Author: Editor - Health News

Need Motivation to Exercise? Try the Buddy System

THURSDAY, Jan. 4, 2018 (HealthDay News) — Exercising with a buddy can give you both mental and fitness boosts. In fact, under the right conditions, the intensity and duration of exercise among workout partners can be more than twice that of solo efforts, according to research led by Kansas State University’s Dr. Brandon Irwin. Here’s how to make the most of a buddy relationship. Studies show that the best exercise partner is someone about 40 percent more fit than you are — this will motivate you to work out longer and harder. It’s called the “Kohler effect” — the ability to perform at a higher level when working with a stronger person. But if you’re a novice, you don’t want someone so far advanced that you could hurt yourself trying to keep up. If you’re in a fitness class and need to pair up, choose a slightly more experienced participant. If you like exercising at home or if logistics make it hard for you and your buddy to get out of the house at the same time, consider being internet partners — you can exercise simultaneously through a video chat. Although a human partner is the better motivator, if you can’t find one, try a virtual buddy. Many fitness apps let you create this motivational helper. Finally, if you’re the one providing the motivation, here’s a surprising finding to...

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Goodbye, Needles? Patch Might Be the Future for Blood-Sugar Tracking

THURSDAY, Jan. 4, 2018 (HealthDay News) — Developers of a new patch hope to eliminate a big barrier in type 2 diabetes treatment — painful finger-sticks and injections. The new patch — which actually uses an array of tiny needles that researchers promise are pain-free — senses when blood sugar levels are rising and then releases medication to bring those elevated levels back down. That means the patch could end the need to draw blood from your fingertips to check your blood sugar level. It could also eliminate the needles used to administer insulin or other diabetes medications. “This type of disposable patch is expected to control blood glucose levels for a week,” said the study’s senior author, Xiaoyuan (Shawn) Chen, chief of the laboratory of molecular imaging and nanomedicine at the U.S. National Institute of Biomedical Imaging and Bioengineering in Bethesda, Md. “It will not complicate the routines of daily living,” Chen said. Though the patch looks promising, so far it’s been tested only on 21 mice with type 2 diabetes. Results from animal trials aren’t always equaled in human trials. The patch contains chemicals that sense rising blood sugar levels. When that happens, a medication called exendin-4 is released to trigger the body to produce insulin until blood sugar levels start to fall. Exendin-4 is part of a class of drugs called GLP-1 receptor agonists. It’s currently...

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Most U.S. Babies Start Solid Foods Too Soon

THURSDAY, Jan. 4, 2018 (HealthDay News) — More than half the parents in the United States start feeding their babies solid foods before they’re 6 months old — the age now recommended by health experts, a new study indicates. Introducing solid foods or new drinks too early could deprive them nutritionally, the researchers warned. Waiting too long can also have negative effects, they said. “Introducing babies to complementary foods too early can cause them to miss out on important nutrients that come from breast milk and infant formula. Conversely, introducing them to complementary foods too late has been associated with micronutrient deficiencies, allergies, and poorer diets later in life,” said the study’s lead investigator, Chloe Barrera. Barrera is with the U.S. Centers for Disease Control and Prevention’s National Center for Chronic Disease Prevention and Health Promotion. The study involved a nationally representative group of infants included in the 2009-2014 National Health and Nutrition Examination Survey. Researchers analyzed the food intake of almost 1,500 babies between 6 months and 3 years old. The babies’ parents were asked when they gave their babies anything other than breast milk or formula, including cow’s milk, water and sugar water. Babies who were bottle-fed exclusively or breast-fed for less than 4 months were most likely to be introduced to foods too early, the researchers found. The study showed that nearly one-third of U.S. babies...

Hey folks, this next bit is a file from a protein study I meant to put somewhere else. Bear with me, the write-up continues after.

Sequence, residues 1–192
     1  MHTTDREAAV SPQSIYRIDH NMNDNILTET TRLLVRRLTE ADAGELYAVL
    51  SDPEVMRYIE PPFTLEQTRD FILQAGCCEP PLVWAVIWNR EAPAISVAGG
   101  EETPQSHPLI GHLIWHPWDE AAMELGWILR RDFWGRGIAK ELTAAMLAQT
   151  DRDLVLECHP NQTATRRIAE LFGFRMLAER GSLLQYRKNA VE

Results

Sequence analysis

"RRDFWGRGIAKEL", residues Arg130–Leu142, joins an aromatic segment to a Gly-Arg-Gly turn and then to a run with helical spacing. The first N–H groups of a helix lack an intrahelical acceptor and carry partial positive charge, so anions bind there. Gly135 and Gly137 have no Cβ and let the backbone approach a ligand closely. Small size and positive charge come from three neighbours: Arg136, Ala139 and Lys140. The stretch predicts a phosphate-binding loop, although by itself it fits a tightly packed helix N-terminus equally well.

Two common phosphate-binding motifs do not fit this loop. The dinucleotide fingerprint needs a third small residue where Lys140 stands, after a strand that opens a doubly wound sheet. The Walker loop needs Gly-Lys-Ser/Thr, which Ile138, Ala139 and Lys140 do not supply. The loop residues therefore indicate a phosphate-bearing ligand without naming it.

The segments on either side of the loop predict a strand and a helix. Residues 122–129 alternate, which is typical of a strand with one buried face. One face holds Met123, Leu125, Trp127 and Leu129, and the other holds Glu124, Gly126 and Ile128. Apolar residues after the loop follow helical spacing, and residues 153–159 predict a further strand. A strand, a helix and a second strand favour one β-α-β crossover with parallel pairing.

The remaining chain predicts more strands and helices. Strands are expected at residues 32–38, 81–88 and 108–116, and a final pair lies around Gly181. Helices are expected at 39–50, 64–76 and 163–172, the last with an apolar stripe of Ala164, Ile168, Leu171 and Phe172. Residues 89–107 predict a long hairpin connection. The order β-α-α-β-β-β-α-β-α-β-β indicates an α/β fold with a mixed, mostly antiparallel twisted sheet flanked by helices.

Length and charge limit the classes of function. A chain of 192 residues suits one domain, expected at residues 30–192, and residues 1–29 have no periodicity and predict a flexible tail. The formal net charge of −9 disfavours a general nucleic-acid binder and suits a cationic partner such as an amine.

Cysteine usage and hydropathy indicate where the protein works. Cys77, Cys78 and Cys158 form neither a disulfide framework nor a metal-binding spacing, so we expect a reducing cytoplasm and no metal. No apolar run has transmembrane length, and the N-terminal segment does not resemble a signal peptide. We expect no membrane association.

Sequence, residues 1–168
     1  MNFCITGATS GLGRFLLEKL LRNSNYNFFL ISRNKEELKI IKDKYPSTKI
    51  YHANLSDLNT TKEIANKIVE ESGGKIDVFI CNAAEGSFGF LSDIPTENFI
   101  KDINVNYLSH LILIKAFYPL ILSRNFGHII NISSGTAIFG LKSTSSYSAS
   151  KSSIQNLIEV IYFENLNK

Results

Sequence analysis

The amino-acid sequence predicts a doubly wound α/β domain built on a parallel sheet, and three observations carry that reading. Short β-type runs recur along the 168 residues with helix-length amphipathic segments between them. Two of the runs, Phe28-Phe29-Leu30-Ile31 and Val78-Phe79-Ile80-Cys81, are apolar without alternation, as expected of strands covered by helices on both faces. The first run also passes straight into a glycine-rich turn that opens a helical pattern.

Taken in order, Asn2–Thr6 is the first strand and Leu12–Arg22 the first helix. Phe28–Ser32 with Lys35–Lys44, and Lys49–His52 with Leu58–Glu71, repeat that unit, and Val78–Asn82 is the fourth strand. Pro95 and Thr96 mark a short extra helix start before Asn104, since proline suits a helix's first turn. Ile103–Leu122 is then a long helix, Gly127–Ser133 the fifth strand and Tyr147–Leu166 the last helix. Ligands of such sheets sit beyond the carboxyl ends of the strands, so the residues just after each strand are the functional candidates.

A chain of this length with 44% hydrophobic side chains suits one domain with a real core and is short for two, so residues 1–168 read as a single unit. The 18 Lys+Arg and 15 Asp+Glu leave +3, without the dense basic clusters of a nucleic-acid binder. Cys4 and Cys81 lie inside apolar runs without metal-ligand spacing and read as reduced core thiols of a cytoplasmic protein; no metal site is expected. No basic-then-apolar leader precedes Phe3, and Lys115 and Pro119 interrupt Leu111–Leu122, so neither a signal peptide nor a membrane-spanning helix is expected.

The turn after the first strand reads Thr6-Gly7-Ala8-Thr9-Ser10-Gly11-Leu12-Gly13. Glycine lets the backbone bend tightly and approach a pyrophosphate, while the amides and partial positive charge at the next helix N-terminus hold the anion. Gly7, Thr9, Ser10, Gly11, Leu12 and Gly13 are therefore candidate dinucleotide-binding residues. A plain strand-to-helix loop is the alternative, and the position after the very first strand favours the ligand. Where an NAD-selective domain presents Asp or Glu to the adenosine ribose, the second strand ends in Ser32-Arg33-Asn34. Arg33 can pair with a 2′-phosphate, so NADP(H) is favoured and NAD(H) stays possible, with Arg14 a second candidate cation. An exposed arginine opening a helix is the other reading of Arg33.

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Common virus used to help fight incurable brain cancer

Common virus used to help fight incurable brain cancer By Michelle Roberts Health editor, BBC News online 4 January 2018 Image copyright SPL Scientists are optimistic that they may have found a new treatment to help people with incurable brain cancer. Ten patients so far in the UK have received the therapy, which is a virus that causes mild flu-like symptoms. The virus can cross the blood-brain barrier and appears to help “switch on” the body’s defence systems to attack the tumour, early studies suggest. Experts at University of Leeds and four other centres now plan to treat more...

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‘I was in a really negative terrible place’

‘I was in a really negative terrible place’ By Ian Westbrook Health reporter, BBC News 3 January 2018 Image copyright Getty Images “I was in a really negative terrible place…. and couldn’t see a way out.” This was the experience of one woman who suffered from depression and obsessive compulsive disorder during her second pregnancy. A quarter of pregnant women suffer from mental health problems, a study by King’s College London suggests. Anxiety and depression were not the only conditions to affect these women, with some suffering eating disorders, OCD and bipolar disorder. Maternal mental health: How far have...

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